“No one should be penalized indefinitely for what they did on their worst day,” said AFP-CO State Director Jesse Mallory in a statement. “If people with non-violent convictions who’ve paid their debt to society want to pursue higher education, we should be applauding them, not turning them away. If we can do something to help individuals that want to improve their lives and put their past mistakes behind them — we should.”

Secretary of State Jena Griswold (Photo by AAron Ontiveroz/The Denver Post)

Secretary of state to lead public discussion on campaign finance reform

Secretary of State Jena Griswold ran on a platform to get money out of politics. Now, she’s hosting a daylong seminar about possible changes to the state’s campaign finance laws, and you’re invited!

The forum starts at 9:30 a.m. March 22. Discussions will include topics such as disclosing foreign interests, why reform is needed and possible new enforcement rules. You can RSVP here. If you can’t make it in person, the meeting will be broadcast live on the secretary’s website.

Emerge Colorado announces new board members

One of the reasons Colorado’s General Assembly looks the way it does this year — more women, people of color, younger, etc. — is because of Emerge Colorado, the nonprofit that trains Democratic women to run for office.

This week they announced new board members:

  • Jennifer Bacon, Denver Public Schools board member
  • Cate Blackford, outreach director for the Bell Policy Center
  • Mary Bogus, data partnerships aAssociate at the Analyst Institute
  • Kyla Armstrong Romero, Aurora Public Schools board member
  • Leticia Martinez, principal at Mission Control Inc
  • MB McAfee, former nonprofit director and candidate for Montezuma commissioner
  • Nellie Moran, chief of staff for state Sen. Steve Fenberg
  • Sharon Hwang, owner of The Wellness Center

Michal Rosenoer, Emerge’s executive director, said in a statement: “Behind every successful woman there’s another team of incredible women cheering her on. Emerge Colorado has three times the number of alumnae running for office as we did two years ago. We are proud to be growing our leadership team to support them and to continue building an exceptional bench of Democratic women candidates across the state.”

The Stump

First! A quick reminder that municipal elections are just around the corner

Before we get into all the 2020 news we have to share, a quick reminder that local politics > national politics. This week, we’re reminded by the Colorado Municipal League that nine municipal elections are very near.

Per an advisory: “Voters in Colorado Springs, Craig, Durango, Fort Collins, Glenwood Springs, Grand Junction and Ward will select their municipal leaders on April 2. Aspen will hold a runoff election the same day to decide between two finalists in the mayoral race, after holding its regular election on March 5. Larkspur will hold a special election two weeks later to fill a vacancy created by the resignation of their previous mayor. Denver residents pick their mayor, council members, and other elected officials including auditor and clerk and recorder in May.”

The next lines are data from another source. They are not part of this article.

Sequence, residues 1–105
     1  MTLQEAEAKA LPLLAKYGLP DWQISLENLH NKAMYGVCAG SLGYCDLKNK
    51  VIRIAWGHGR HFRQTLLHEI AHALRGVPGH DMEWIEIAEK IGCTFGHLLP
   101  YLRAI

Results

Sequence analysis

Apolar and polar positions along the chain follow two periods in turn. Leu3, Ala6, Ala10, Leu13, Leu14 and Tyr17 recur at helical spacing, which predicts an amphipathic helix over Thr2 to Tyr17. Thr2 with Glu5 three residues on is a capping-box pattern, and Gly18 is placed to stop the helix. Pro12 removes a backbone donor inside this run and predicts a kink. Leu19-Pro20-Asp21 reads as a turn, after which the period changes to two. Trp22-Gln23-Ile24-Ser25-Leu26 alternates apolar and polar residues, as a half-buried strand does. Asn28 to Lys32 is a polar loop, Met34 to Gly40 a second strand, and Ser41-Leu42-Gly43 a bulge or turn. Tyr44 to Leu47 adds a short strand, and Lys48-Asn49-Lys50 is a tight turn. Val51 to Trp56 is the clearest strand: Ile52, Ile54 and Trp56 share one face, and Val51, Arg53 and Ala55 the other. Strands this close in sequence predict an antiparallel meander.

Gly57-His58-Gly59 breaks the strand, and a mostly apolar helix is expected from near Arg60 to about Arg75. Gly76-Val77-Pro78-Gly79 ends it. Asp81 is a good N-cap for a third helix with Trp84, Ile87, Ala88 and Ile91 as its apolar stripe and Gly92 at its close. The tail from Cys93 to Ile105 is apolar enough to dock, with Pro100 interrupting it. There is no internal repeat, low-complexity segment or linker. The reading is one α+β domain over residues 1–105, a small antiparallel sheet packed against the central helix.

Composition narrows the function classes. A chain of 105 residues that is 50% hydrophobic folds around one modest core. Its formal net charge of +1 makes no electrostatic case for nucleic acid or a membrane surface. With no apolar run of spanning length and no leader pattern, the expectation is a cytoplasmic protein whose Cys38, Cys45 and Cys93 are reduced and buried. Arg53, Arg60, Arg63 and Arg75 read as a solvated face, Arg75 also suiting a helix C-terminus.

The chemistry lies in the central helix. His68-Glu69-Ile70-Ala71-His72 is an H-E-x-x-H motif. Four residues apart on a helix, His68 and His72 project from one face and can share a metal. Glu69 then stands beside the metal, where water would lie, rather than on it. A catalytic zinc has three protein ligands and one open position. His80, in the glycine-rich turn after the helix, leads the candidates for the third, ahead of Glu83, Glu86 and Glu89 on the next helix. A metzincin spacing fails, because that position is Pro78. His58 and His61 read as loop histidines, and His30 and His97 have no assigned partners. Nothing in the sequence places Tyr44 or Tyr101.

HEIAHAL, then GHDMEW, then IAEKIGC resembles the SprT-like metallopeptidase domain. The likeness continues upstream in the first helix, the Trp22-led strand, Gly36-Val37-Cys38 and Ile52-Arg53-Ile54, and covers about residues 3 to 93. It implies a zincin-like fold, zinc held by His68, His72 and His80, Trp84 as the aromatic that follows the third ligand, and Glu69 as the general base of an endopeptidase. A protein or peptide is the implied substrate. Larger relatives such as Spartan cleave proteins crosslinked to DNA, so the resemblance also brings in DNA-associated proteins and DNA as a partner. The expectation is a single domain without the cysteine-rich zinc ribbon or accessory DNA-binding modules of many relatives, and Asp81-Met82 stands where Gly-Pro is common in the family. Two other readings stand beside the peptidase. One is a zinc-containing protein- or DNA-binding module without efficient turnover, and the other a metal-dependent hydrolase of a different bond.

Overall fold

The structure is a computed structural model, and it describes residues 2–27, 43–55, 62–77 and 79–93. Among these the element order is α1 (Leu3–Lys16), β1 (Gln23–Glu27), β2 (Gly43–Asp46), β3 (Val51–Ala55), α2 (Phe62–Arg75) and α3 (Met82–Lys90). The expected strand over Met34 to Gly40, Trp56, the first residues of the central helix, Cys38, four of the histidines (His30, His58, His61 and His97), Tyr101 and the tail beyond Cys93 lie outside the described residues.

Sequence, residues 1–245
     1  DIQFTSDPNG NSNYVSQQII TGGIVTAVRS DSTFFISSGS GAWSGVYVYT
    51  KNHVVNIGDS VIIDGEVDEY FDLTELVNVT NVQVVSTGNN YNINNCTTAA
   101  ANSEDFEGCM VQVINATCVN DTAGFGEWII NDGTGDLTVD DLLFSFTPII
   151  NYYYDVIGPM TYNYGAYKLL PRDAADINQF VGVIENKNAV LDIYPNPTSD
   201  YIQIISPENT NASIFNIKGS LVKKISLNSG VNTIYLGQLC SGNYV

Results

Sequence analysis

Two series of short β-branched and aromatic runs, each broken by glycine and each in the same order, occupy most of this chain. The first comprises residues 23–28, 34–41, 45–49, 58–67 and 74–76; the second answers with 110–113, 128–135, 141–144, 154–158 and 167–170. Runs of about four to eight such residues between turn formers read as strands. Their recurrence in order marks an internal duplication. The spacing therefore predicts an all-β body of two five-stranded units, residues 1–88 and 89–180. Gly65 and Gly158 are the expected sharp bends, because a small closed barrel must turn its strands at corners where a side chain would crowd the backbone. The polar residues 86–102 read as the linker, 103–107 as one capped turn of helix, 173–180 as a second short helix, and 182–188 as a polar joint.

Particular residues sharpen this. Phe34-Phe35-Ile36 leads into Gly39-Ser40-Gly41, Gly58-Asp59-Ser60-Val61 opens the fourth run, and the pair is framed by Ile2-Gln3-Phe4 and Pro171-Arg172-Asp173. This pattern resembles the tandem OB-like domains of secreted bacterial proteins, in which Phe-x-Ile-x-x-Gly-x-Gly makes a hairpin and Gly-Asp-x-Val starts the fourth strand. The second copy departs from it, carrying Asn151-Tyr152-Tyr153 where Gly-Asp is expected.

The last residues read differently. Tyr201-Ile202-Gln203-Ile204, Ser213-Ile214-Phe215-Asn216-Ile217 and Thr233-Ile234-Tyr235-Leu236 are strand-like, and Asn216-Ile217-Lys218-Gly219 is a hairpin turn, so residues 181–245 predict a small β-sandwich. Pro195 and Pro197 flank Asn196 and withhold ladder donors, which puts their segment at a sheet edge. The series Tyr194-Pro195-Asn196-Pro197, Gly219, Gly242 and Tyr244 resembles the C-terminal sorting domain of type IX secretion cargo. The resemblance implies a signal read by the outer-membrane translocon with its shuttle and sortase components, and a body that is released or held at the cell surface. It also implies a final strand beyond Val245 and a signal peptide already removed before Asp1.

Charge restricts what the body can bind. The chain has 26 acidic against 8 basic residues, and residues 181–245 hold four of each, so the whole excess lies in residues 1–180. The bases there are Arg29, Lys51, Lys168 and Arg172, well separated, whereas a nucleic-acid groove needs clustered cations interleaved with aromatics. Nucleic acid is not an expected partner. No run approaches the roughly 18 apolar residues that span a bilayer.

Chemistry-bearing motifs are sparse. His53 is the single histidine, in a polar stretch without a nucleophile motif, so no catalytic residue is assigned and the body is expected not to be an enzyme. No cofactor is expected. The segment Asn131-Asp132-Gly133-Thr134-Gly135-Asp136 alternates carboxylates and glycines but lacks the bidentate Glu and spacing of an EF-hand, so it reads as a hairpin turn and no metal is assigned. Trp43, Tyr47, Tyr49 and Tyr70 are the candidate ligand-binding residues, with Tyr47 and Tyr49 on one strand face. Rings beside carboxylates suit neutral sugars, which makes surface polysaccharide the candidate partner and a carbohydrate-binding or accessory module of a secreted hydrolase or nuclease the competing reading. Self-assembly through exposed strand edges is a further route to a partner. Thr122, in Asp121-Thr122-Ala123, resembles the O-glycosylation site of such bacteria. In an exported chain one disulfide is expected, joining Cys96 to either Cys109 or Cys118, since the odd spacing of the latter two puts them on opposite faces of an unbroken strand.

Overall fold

Hear Denver mayor candidates — and meet Post journalists

Speaking of municipal elections, Post city hall reporter Andrew Kenney is going to moderate a debate the evening of April 1 — no joke — with the top four candidates for Denver mayor: incumbent Michael Hancock and challengers Lisa Calderón, Penfield Tate and Jamie Giellis. The event will also include a cash bar and time to mingle before and after with Post Editor Lee Ann Colacioppo, Opinion Editor Megan Schrader and most of the Post politics team: editor Cindi Andrews and reporters Kenney, Jon Murray, Nic Garcia, Anna Staver and Justin Wingerter.

It’s free to attend, but here’s the catch: We’re only going to have space for 150 people, and Post subscribers are going to get the first shot at RSVPing. If you aren’t a subscriber, sign up today and then send an email to candrews@denverpost.com to make sure we get you on the invite list. Invitations are going out soon!

Romanoff’s gut-punch of a fundraising pitch

There’s a very good chance that your inbox is full of fundraising pitches — daily. But one request from two-time U.S. Senate hopeful Andrew Romanoff sticks out.

Here’s what Team Romanoff emailed earlier this week:

“Are you Jewish?”

The question came from the back of the room, during a community forum in Estes Park. Fifty people gathered at the public library yesterday for an otherwise cordial conversation about the Senate race.

“Yes, I am,” I said.

“That’s all I needed to hear,” came the reply. “We don’t need more Jews in office.”

The email serves as a reminder that hate speech and crimes continue to rise in Colorado and across the nation, and that our politics is not immune.

More names being floated for 2020 Senate run

Another week, another name added to the list of possible 2020 U.S. Senate candidates. As a reminder, last week we reported that former state Rep. Alice Madden is eyeing a run. And U.S. Rep. Joe Neguse is getting pressure to run.

This week we’re hearing state Sen. Angela Williams is looking at a possible bid. The Denver Democrat told us her only priority right now is to see her high-profile bills, including a repeal of the death penalty, signed into law.

And while we’re on the floor of the state Senate, Kerry Donovan, the mountain Democrat, confirmed she’s thinking about a run but told The Denver Post no decision will be made until after the current legislative session is over in early May.